Cisco ships Mexican drug runner music on VPN CD

Bootleg bootup CD features Narco Corridos tune


A sysadmin looking to set up a VPN network was surprised to discover that a Cisco installation CD contained Mexican music instead of security software. Cisco has acknowledged the issue and said that affected customers will be offered replacement CDs.

Instead of the intended software, some CDs shipped to Cisco customers featured 12 tracks of Mexican music, including Narco Corridos tunes from Diego 'El Compa' Rivas. Narco Corridos songs often celebrate drug running, and are popular in northern Mexico but derided by some as a "cancer that is killing Mexican music".

The tracks seem to be poor-quality bootleg remixes of the sort typically created by wannabe DJs, and how these MP3s got onto software installation CDs is unclear. Perhaps somebody in a factory making the CDs pressed the wrong button on a production line computer that had also been used for illegal downloads.

Blogger Dave Fumberger, who experienced the issue at work, writes about the incident in a posting here.

Cisco responded with a post saying that affected customers will receive replacement software. The networking giant's reply confirms that counterfeit networking kit or CDs were not involved in the issue without really explaining what happened in the first place.

Cisco is aware that some customers have received defective VPN Client CDs as part of recent orders.

Manufacturing is aware of this problem and is actively reshipping new media to impacted customers.

Defective VPN Client CDs can be identified by the following marking on the back of the media which ends in "MX21511/4"

The incident follows another strange occurrence involving Cisco two weeks ago, when lower case ts temporarily disappeared from the networking giant's homepage. ®

Similar topics


Other stories you might like

  • Tesla driver charged with vehicular manslaughter after deadly Autopilot crash

    Prosecution seems to be first of its kind in America

    A Tesla driver has seemingly become the first person in the US to be charged with vehicular manslaughter for a deadly crash in which the vehicle's Autopilot mode was engaged.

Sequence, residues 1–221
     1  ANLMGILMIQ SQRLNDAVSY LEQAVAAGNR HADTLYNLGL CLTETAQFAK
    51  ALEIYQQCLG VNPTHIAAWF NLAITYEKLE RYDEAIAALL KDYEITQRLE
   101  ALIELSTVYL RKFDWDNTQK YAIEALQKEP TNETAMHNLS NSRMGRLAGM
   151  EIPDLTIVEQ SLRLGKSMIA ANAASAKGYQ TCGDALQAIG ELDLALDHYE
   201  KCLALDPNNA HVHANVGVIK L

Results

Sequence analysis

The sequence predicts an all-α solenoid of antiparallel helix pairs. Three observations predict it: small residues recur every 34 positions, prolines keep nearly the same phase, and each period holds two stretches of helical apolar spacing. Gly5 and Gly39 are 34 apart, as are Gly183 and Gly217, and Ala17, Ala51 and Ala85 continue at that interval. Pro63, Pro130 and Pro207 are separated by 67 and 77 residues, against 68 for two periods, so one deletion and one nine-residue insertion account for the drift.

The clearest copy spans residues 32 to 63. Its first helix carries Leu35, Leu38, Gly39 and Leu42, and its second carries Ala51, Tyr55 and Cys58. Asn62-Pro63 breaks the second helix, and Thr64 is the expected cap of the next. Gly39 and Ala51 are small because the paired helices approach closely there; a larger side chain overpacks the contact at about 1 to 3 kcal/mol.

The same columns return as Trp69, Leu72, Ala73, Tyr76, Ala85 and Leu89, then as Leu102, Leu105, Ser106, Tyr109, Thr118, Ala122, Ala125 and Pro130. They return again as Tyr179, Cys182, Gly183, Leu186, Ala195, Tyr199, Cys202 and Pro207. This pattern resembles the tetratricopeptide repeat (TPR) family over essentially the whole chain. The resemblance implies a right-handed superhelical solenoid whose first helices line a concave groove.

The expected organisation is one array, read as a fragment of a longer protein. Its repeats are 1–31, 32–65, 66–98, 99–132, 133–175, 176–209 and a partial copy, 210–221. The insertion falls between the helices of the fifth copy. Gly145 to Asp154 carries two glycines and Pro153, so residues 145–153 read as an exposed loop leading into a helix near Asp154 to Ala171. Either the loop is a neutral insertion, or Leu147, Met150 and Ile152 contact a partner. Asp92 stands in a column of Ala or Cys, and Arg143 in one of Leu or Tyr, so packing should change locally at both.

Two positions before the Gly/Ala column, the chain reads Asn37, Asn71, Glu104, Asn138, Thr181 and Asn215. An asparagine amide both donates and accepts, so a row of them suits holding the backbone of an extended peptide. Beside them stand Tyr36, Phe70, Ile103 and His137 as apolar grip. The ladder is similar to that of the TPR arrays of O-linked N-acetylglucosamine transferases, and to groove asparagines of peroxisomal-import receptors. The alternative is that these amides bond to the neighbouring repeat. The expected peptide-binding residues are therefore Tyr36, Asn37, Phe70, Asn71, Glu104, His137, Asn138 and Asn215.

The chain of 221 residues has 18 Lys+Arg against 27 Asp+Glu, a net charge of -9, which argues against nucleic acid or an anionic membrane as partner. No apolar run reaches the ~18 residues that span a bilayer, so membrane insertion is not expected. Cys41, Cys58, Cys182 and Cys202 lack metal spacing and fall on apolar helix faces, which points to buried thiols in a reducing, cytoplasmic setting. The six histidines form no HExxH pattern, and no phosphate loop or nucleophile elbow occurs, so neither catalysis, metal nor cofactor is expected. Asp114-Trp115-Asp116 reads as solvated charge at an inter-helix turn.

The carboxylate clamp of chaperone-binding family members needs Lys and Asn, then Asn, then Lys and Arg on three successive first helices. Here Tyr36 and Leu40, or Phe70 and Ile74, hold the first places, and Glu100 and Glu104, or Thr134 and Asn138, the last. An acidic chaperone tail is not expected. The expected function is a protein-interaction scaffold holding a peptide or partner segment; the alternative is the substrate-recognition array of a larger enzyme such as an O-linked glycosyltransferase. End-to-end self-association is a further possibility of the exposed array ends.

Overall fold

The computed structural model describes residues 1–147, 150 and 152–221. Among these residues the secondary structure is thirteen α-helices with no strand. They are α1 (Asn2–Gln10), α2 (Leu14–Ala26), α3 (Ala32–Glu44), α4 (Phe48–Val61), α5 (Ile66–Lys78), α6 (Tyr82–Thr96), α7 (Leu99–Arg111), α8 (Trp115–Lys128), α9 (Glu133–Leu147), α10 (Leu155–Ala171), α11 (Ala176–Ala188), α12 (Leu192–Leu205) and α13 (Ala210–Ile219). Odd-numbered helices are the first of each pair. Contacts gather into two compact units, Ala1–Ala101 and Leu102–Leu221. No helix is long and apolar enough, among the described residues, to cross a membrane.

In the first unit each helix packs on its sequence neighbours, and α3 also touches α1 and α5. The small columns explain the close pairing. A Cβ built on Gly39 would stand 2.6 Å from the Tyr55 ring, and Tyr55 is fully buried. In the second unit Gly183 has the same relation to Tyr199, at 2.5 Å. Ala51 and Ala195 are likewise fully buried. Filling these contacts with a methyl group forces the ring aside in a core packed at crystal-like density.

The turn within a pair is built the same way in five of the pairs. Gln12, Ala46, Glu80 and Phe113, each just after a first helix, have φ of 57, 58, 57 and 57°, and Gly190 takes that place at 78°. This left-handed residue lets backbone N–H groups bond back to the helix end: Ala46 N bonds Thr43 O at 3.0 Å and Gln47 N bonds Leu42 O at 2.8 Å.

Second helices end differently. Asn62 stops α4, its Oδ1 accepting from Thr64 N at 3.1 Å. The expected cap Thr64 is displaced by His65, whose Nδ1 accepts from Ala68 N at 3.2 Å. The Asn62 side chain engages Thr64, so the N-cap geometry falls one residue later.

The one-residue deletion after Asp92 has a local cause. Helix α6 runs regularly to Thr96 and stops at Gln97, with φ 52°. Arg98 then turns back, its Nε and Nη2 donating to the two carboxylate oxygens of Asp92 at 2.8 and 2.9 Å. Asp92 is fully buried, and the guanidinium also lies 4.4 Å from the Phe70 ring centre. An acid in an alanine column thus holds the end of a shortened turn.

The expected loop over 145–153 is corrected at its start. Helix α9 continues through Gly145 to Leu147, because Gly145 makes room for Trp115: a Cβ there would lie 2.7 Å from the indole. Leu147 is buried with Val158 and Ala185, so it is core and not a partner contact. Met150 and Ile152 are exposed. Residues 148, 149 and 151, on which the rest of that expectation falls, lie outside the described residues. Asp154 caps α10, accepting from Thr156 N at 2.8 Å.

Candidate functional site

According to the cops, the driver exited a highway in his Tesla Model S, ran a red light, and smashed into a Honda Civic at an intersection in Gardena, Los Angeles County, in late 2019. A man and woman in the second car were killed. The Tesla driver and a passenger survived and were taken to hospital.

    Prosecutors in California charged Kevin George Aziz Riad, 27, in October last year though details of the case are only just emerging, according to AP on Tuesday. Riad, a limousine service driver, is facing two counts of vehicular manslaughter, and is free on bail after pleading not guilty.

    Continue reading
  • AMD returns to smartphone graphics with new Samsung chip for your pocket computer

    We're back in black

    AMD's GPU technology is returning to mobile handsets with Samsung's Exynos 2200 system-on-chip, which was announced on Tuesday.

    The Exynos 2200 processor, fabricated using a 4nm process, has Armv9 CPU cores and the oddly named Xclipse GPU, which is an adaptation of AMD's RDNA 2 mainstream GPU architecture.

    AMD was in the handheld GPU market until 2009, when it sold the Imageon GPU and handheld business for $65m to Qualcomm, which turned the tech into the Adreno GPU for its Snapdragon family. AMD's Imageon processors were used in devices from Motorola, Panasonic, Palm and others making Windows Mobile handsets.

    Continue reading
  • Big shock: Guy who fled political violence and became rich in tech now struggles to care about political violence

    'I recognize that I come across as lacking empathy,' billionaire VC admits

    Billionaire tech investor and ex-Facebook senior executive Chamath Palihapitiya was publicly blasted after he said nobody really cares about the reported human rights abuse of Uyghur Muslims in China.

    The blunt comments were made during the latest episode of All-In, a podcast in which Palihapitiya chats to investors and entrepreneurs Jason Calacanis, David Sacks, and David Friedberg about technology.

    The group were debating the Biden administration’s response to what's said to be China's crackdown of Uyghur Muslims when Palihapitiya interrupted and said: “Nobody cares about what’s happening to the Uyghurs, okay? ... I’m telling you a very hard ugly truth, okay? Of all the things that I care about … yes, it is below my line.”

    Continue reading

Biting the hand that feeds IT © 1998–2022